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I want to make sure I understand the definition of an Eulerian Graph / Trail / Cycle / Circut.

I'm reading Schaum's Discrete Mathematics Outline which gives the following definitions:

A graph G is called an Eulerian Graph if there exists a closed traversable trail, called an Eulerian trail.

It then goes on to say that:

A finite connected graph is Eulerian if and only if each vertex has even degree.

I then read the following in Wikipedia:

Euler proved that a necessary condition for the existence of Eulerian circuits is that all vertices in the graph have an even degree

...not every Eulerian graph possesses an Eulerian cycle

So which one is right? Can a graph be Eulerian, having only vertices of even degree, yet not contain an Eulerian circuit?

Also, isn't there a distinction between an Eulerian trail and an Eulerian Cycle / Circuit?

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There is a distinction between an Eulerian trail/path and an Eulerian circuit, but note that the Schaum’s Outline definition specified a closed Eulerian trail $-$ which would be a circuit. –  Brian M. Scott Jan 26 '12 at 9:08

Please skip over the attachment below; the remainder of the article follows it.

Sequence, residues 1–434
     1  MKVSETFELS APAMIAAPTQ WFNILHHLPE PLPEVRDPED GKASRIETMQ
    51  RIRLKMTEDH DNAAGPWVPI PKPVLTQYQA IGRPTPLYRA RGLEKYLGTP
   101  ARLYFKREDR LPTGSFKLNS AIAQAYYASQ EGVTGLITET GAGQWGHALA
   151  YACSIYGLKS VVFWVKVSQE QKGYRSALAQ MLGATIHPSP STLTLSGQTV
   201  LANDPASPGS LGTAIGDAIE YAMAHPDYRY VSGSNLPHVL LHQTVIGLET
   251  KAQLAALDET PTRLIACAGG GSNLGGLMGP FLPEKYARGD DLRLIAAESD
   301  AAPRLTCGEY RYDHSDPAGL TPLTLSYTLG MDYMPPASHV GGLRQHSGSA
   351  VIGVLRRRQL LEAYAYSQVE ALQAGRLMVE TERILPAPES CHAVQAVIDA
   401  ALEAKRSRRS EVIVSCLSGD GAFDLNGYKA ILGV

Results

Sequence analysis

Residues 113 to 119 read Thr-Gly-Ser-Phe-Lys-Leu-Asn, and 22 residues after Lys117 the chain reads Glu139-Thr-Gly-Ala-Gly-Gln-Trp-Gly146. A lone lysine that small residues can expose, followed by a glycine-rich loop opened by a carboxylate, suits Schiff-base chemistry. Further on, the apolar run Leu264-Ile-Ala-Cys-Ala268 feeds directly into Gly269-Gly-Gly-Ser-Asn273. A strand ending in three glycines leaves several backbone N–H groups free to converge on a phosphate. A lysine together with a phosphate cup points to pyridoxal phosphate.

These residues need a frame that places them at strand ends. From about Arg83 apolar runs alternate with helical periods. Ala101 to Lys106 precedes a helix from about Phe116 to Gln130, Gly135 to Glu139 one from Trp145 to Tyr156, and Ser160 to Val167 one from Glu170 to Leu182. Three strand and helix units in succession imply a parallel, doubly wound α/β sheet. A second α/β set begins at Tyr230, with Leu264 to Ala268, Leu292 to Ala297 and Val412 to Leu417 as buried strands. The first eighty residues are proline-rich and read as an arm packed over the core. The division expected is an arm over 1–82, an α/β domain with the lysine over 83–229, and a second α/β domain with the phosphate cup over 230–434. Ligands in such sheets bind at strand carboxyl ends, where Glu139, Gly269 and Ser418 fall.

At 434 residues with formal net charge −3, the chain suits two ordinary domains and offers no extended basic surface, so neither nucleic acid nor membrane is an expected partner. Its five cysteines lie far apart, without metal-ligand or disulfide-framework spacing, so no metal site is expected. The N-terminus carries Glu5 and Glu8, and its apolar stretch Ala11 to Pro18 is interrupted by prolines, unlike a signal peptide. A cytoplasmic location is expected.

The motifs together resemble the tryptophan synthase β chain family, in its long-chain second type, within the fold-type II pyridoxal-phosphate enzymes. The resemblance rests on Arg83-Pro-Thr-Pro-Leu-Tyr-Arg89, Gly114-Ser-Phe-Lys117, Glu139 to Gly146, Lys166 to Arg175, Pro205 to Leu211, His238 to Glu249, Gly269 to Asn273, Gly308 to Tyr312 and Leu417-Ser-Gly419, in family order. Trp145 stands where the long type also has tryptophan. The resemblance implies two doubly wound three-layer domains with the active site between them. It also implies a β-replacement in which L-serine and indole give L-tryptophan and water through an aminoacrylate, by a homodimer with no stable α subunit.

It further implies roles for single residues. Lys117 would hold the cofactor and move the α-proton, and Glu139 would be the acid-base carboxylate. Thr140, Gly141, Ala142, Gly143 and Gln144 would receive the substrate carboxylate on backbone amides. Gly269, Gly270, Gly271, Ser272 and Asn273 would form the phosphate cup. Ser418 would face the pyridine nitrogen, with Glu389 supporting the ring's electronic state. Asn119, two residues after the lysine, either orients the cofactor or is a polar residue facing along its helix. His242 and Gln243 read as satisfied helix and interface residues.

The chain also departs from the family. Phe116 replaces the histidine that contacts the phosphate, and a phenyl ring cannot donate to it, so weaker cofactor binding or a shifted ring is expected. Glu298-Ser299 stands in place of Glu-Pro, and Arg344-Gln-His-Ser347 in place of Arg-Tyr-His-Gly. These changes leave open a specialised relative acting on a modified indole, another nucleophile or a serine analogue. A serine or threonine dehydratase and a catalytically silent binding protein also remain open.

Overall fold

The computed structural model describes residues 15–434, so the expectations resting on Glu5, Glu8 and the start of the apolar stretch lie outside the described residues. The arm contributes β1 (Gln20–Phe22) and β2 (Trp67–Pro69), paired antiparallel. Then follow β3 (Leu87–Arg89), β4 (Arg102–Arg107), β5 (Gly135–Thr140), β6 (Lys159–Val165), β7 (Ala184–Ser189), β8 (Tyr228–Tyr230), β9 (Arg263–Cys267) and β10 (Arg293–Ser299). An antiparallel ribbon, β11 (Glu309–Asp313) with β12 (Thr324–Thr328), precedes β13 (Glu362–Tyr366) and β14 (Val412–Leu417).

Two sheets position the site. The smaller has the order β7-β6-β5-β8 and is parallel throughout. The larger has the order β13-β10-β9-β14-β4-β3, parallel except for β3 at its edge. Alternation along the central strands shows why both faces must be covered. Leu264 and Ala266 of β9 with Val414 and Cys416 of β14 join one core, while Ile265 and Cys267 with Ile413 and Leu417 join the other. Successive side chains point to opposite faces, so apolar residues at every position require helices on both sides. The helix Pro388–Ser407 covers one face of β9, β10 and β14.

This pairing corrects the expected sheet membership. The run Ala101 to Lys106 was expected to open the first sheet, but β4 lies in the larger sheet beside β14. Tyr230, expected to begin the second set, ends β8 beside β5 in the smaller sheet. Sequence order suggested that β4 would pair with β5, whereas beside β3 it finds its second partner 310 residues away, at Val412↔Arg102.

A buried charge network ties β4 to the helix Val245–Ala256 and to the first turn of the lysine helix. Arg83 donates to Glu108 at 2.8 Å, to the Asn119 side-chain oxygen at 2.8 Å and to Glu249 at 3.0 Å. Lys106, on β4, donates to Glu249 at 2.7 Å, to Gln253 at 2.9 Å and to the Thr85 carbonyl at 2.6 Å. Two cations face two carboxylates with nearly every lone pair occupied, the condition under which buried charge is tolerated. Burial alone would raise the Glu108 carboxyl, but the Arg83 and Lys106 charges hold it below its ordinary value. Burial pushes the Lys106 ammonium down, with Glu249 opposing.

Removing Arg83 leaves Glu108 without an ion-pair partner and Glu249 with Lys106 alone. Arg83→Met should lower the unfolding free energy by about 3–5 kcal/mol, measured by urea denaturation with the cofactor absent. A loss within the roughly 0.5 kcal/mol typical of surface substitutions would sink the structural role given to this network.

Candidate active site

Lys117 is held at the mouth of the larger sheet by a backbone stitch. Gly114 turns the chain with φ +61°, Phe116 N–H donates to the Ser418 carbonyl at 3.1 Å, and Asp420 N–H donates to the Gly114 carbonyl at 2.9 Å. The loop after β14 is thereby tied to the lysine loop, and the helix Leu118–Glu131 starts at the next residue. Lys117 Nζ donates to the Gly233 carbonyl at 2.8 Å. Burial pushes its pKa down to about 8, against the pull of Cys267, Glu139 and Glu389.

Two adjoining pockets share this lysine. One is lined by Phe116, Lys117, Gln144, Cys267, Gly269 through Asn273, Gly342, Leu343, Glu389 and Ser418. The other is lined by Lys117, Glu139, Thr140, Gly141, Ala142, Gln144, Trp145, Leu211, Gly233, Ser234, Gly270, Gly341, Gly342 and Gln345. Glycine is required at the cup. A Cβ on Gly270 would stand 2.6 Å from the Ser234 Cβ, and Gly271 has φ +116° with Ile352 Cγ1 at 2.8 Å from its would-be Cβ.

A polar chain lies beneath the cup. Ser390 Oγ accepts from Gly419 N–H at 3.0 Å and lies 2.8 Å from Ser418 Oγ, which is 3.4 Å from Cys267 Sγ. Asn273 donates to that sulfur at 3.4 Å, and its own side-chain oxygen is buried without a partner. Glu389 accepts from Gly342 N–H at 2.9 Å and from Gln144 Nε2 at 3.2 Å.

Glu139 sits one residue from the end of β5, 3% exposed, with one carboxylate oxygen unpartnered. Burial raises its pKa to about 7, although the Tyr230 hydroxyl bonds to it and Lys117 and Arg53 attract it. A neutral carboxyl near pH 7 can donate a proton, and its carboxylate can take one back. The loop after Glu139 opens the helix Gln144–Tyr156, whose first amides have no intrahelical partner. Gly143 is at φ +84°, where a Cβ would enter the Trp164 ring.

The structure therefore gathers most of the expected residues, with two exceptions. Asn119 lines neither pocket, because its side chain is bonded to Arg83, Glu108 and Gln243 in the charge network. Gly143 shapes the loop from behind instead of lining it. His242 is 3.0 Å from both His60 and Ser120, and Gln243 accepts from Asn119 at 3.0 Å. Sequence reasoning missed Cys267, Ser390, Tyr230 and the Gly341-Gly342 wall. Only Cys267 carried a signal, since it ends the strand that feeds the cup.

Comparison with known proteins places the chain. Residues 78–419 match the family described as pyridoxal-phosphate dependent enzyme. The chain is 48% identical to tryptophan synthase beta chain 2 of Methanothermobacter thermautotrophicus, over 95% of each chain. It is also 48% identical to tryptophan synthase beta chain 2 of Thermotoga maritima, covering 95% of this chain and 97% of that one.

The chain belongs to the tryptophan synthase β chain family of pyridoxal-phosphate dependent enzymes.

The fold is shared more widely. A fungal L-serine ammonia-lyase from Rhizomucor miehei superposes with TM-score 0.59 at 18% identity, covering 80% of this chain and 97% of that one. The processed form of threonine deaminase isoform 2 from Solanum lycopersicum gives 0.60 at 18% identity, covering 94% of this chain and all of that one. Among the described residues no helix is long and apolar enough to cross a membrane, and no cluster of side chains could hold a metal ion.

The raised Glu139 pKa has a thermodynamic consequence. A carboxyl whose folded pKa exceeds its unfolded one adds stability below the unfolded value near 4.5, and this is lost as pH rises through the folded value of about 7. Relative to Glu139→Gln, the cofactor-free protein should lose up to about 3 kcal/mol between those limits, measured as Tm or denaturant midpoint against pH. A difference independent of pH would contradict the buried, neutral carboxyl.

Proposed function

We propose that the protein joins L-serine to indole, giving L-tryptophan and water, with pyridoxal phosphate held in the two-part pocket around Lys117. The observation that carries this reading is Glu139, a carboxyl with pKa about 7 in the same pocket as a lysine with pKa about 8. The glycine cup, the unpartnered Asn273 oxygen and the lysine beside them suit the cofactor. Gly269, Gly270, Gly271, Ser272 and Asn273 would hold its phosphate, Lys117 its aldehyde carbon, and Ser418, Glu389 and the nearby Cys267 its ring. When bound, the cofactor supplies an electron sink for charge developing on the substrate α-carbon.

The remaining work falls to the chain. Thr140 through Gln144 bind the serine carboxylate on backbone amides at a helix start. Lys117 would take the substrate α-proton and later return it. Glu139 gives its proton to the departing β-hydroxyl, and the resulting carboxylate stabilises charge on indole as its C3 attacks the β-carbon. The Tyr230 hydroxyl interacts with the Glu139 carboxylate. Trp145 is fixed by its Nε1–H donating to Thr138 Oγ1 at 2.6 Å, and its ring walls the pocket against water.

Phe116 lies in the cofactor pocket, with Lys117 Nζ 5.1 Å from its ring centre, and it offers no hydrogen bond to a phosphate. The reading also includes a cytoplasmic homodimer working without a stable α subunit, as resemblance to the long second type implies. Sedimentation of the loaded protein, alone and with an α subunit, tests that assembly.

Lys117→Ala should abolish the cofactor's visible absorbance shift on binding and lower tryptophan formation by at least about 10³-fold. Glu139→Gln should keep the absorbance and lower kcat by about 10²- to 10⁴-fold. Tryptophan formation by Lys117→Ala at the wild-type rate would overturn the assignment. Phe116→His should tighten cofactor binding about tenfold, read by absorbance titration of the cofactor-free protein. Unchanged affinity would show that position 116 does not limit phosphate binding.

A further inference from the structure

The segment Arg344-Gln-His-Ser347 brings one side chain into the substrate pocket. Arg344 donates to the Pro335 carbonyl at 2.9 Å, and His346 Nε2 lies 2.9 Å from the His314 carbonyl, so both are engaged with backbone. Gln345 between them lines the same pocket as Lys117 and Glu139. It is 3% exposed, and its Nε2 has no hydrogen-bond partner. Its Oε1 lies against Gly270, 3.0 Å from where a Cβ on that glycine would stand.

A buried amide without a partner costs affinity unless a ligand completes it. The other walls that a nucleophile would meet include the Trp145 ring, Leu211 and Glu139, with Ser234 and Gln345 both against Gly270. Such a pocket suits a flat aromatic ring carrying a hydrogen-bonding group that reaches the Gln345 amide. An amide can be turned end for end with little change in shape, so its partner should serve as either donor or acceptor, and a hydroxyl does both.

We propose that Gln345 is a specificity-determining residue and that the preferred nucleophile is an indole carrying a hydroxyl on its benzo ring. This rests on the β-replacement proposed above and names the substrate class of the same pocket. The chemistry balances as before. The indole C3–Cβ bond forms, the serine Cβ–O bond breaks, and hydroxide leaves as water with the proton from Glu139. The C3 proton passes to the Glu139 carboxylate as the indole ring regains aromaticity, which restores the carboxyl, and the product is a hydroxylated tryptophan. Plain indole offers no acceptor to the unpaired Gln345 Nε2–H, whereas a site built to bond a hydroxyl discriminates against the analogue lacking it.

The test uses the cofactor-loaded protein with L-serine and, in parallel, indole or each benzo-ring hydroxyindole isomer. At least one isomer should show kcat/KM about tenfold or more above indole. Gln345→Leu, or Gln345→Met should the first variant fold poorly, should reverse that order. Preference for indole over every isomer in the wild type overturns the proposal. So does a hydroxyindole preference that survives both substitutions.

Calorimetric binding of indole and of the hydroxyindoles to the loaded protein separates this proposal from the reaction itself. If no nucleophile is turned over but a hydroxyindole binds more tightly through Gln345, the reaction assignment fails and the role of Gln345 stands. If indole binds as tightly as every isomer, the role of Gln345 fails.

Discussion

For the question about Eulerian graphs, note that Wikipedia also says: ‘The term Eulerian graph has two common meanings in graph theory. One meaning is a graph with an Eulerian circuit, and the other is a graph with every vertex of even degree.’ When they say that not every Eulerian graph possesses an Eulerian cycle, they’re using the second definition and thinking of graphs that are not connected. –  Brian M. Scott Jan 26 '12 at 9:10
    
So the only case of a graph whose vertices are all even but doesn't contain an Eulerian circuit would be disconnected graphs, correct? –  Robert S. Barnes Jan 26 '12 at 9:19
    
That’s correct. They would be unions of Eulerian graphs in the stronger sense. –  Brian M. Scott Jan 26 '12 at 9:21
    
I edited the Wikipedia definition to be clearer about the two possible senses of the term. It's now a bit redundant, but that's better than being confusing. –  Ilmari Karonen Jan 26 '12 at 13:20

1 Answer 1

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The problem here is that there are two definitions of Eulerian graph. To quote the Wikipedia article that you cite:

The term Eulerian graph has two common meanings in graph theory. One meaning is a graph with an Eulerian circuit, and the other is a graph with every vertex of even degree.

The Schaum’s Outline text seems to be using the first of these meanings; the statement in the Wikipedia article that ‘not every Eulerian graph possesses an Eulerian cycle’ is using the second. A graph with every vertex of even degree need not be connected; if it is connected, it’s Eulerian by either definition, but if it’s not connected, it’s Eulerian by the second definition and not by the first.

As you say, there is a distinction between an Eulerian trail/path and an Eulerian circuit/cycle. However, a closed path is a circuit, so the definition in the Schaum’s Outline text is equivalent to the usual one.

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